The top U.S. commander in Europe said Monday that Moscow was supplying heavy, anti-aircraft weapons to Russian-backed separatists groups battling for control of the country’s eastern border.
Gen. Philip Breedlove, head of U.S. European Command, confirmed that anti-aircraft weapons were part of the armed support being provided by Moscow to separatist groups fighting in eastern Ukraine.
Along with the weapon deliveries, Breedlove also said that training missions being carried out by Russian forces along the eastern Ukrainian border included the use of vehicle-borne anti-air missiles.
But despite the confirmed deliveries of the anti-aircraft weapons and training by Russian forces, Breedlove was wary of making the connection between the separatists’ weapon stockpiles and the recent shootdown of Ukrainian military aircraft.
“We need to allow the facts to be reported out,” Breedlove told reporters at the Pentagon. “We have not tied the string together yet” on Russia’s involvement in the shoot down of Ukrainian aircraft.
Recent reports claim Russian-backed separatist groups shot down a Ukrainian military helicopter in the eastern part of the country last Tuesday.
The aircrew aboard the Mi-8 helicopter were killed in the attack near Slovyansk, Vladislav Seleznev, spokesman for Ukraine’s anti-terror operation, told CNN last week.
The helicopter was taken down by a MANPAD, Seleznev said at the time. The attack took place days after Kiev had reached a tentative cease-fire deal with Russian opposition forces in the country.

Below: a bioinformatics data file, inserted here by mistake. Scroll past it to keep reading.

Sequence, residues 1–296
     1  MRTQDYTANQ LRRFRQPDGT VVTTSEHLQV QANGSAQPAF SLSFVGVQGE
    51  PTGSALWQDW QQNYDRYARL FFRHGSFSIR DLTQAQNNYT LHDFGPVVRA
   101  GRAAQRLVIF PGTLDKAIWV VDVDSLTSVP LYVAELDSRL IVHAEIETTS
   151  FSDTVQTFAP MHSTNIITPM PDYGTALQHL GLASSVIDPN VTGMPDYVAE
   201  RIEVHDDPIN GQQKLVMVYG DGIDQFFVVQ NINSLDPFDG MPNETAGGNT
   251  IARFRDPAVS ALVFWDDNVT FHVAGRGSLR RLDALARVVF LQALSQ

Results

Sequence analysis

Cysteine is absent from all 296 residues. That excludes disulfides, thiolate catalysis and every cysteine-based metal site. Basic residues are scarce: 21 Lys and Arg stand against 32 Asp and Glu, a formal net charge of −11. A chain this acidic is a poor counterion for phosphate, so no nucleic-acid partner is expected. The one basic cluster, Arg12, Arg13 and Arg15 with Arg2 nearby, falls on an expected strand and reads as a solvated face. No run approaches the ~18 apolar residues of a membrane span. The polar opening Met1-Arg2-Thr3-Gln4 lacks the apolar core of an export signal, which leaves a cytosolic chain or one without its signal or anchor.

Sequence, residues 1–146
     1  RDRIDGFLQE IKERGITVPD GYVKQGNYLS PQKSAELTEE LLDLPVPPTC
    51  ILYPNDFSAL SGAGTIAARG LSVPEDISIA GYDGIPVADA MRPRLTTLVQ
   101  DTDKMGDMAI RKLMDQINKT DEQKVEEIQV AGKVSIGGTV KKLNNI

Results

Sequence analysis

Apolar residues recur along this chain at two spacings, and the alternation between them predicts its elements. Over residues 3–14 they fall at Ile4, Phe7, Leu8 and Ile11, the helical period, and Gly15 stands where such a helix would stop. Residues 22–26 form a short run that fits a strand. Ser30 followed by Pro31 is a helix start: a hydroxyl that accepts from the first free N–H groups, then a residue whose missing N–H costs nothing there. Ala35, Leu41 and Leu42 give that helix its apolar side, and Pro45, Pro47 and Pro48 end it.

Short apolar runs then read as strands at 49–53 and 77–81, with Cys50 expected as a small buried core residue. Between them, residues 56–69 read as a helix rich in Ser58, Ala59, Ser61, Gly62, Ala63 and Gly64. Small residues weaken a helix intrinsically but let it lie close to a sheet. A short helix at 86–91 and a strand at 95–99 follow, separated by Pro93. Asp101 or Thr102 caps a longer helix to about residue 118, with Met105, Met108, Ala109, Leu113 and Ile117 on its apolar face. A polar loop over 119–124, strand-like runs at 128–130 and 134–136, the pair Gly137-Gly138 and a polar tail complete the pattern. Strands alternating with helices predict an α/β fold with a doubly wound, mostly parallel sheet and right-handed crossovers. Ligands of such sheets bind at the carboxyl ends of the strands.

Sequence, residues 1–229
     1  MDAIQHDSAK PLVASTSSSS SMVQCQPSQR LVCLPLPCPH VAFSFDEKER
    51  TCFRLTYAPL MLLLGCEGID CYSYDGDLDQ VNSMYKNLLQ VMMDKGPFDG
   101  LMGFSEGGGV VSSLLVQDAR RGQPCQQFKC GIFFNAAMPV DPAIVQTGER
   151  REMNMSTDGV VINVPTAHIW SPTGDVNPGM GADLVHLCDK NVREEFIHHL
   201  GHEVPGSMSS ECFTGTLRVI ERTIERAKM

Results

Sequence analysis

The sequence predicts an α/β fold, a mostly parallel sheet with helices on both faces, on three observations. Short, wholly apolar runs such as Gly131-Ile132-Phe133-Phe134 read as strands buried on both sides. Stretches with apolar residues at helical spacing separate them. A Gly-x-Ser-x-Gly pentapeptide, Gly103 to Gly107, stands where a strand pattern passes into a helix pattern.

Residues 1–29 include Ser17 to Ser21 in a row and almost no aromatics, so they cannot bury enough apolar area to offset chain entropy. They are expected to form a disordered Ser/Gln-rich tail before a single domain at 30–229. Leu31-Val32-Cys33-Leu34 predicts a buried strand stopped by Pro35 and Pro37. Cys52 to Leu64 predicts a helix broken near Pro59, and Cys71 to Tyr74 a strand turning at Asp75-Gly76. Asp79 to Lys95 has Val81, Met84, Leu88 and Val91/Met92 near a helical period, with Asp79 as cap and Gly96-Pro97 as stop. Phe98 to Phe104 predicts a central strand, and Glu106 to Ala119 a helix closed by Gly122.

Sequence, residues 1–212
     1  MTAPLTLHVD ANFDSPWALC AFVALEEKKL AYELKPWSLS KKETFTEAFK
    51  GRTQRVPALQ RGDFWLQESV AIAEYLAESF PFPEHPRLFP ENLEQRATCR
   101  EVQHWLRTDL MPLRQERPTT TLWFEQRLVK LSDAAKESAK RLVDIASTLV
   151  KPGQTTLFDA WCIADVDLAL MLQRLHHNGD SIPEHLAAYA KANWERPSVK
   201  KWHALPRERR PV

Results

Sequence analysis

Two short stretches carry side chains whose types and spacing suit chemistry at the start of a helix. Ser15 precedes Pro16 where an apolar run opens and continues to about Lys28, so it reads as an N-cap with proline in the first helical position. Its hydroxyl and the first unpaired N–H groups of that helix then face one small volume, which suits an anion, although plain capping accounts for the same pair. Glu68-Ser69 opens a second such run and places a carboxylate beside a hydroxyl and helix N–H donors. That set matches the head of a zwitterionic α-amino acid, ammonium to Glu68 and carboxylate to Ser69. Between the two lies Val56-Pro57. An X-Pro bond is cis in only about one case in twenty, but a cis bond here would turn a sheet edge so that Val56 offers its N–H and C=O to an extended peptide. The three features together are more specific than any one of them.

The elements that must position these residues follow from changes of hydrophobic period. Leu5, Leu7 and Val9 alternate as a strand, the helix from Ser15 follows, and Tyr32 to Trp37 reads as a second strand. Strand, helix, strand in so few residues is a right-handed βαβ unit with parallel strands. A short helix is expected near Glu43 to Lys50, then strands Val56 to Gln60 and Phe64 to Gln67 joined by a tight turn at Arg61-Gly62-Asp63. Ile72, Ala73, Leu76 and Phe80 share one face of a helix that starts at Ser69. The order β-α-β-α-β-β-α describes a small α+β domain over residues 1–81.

That attack came weeks after separatist forces reportedly took down a Ukrainian Il-76 army transport plane in Luhansk, killing the crew and the 40 paratroopers aboard the aircraft. A surface-to-air missile was used to destroy the aircraft, Kiev said at the time.
Aside from the attacks on Ukrainian aircraft, Breedlove also noted command officials were growing concerned with the “frequency” of incidents where Russian fighter jets and warships have harassed American and allied forces in the region.
The actions of Russian forces conducting low aerial passes above U.S. warships in the Black Sea, or interfering with naval exercises by American allies, were “not out of the norm”, but the number of times these near-misses have occurred is raising red flags inside EUCOM.
In April, a Russian fighter spent 90 minutes making low-level passes near a U.S. ballistic missile defense (BMD) guided missile destroyer on station in the Black Sea, a defense official told USNI News at the time.
A Sukhoi Su-24 Fencer flew as close as 1,000 yards from USS Donald Cook (DDG-75) at an altitude of only 500 feet, the official said.
The fighter made up to 12 passes on the destroyer after not responding to several attempts by the ship to contact the Fencer via radio. There was a second Su-24 in the region but did not engage Cook.
That said, Russian supplies of heavy, anti-aircraft weapons to Ukrainian separatist groups and aggressive actions toward U.S. forces in the region runs counter to the rhetoric of de-escalation coming from Moscow, according to Breedlove.
Despite pledges by the Russian government to quell the violence that has engulfed eastern Ukraine since April, Moscow’s “actions on the ground speak for themselves,” the four-star general said.
“What we see is continued conflict” in spite of Russia’s overtures toward peace in the region. That said, the U.S. and its allies “need to watch with a wary eye” Moscow’s true intentions along the Ukrainian border.